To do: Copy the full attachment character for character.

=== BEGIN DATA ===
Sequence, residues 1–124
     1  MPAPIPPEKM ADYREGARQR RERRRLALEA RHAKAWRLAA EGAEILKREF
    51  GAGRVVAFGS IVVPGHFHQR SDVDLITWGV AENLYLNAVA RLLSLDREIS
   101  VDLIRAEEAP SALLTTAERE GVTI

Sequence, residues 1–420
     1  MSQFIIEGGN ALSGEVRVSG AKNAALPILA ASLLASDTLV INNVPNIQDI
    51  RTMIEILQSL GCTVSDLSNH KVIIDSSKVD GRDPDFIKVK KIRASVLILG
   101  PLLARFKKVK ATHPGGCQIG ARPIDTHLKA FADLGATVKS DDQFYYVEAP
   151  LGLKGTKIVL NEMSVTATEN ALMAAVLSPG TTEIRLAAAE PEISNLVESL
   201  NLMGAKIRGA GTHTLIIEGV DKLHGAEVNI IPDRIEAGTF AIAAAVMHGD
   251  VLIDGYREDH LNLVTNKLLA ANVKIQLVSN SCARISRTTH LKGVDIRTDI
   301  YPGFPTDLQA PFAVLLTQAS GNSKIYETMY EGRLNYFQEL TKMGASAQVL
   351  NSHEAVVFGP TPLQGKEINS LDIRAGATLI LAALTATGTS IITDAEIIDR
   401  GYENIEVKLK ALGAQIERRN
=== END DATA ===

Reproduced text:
Sequence, residues 1–124
     1  MPAPIPPEKM ADYREGARQR RERRRLALEA RHAKAWRLAA EGAEILKREF
    51  GAGRVVAFGS IVVPGHFHQR SDVDLITWGV AENLYLNAVA RLLSLDREIS
   101  VDLIRAEEAP SALLTTAERE GVTI

Sequence, residues 1–420
     1  MSQFIIEGGN ALSGEVRVSG AKNAALPILA ASLLASDTLV INNVPNIQDI
    51  RTMIEILQSL GCTVSDLSNH KVIIDSSKVD GRDPDFIKVK KIRASVLILG
   101  PLLARFKKVK ATHPGGCQIG ARPIDTHLKA FADLGATVKS DDQFYYVEAP
   151  LGLKGTKIVL NEMSVTATEN ALMAAVLSPG TTEIRLAAAE PEISNLVESL
   201  NLMGAKIRGA GTHTLIIEGV DKLHGAEVNI IPDRIEAGTF AIAAAVMHGD
   251  VLIDGYREDH LNLVTNKLLA ANVKIQLVSN SCARISRTTH LKGVDIRTDI
   301  YPGFPTDLQA PFAVLLTQAS GNSKIYETMY EGRLNYFQEL TKMGASAQVL
   351  NSHEAVVFGP TPLQGKEINS LDIRAGATLI LAALTATGTS IITDAEIIDR
   401  GYENIEVKLK ALGAQIERRN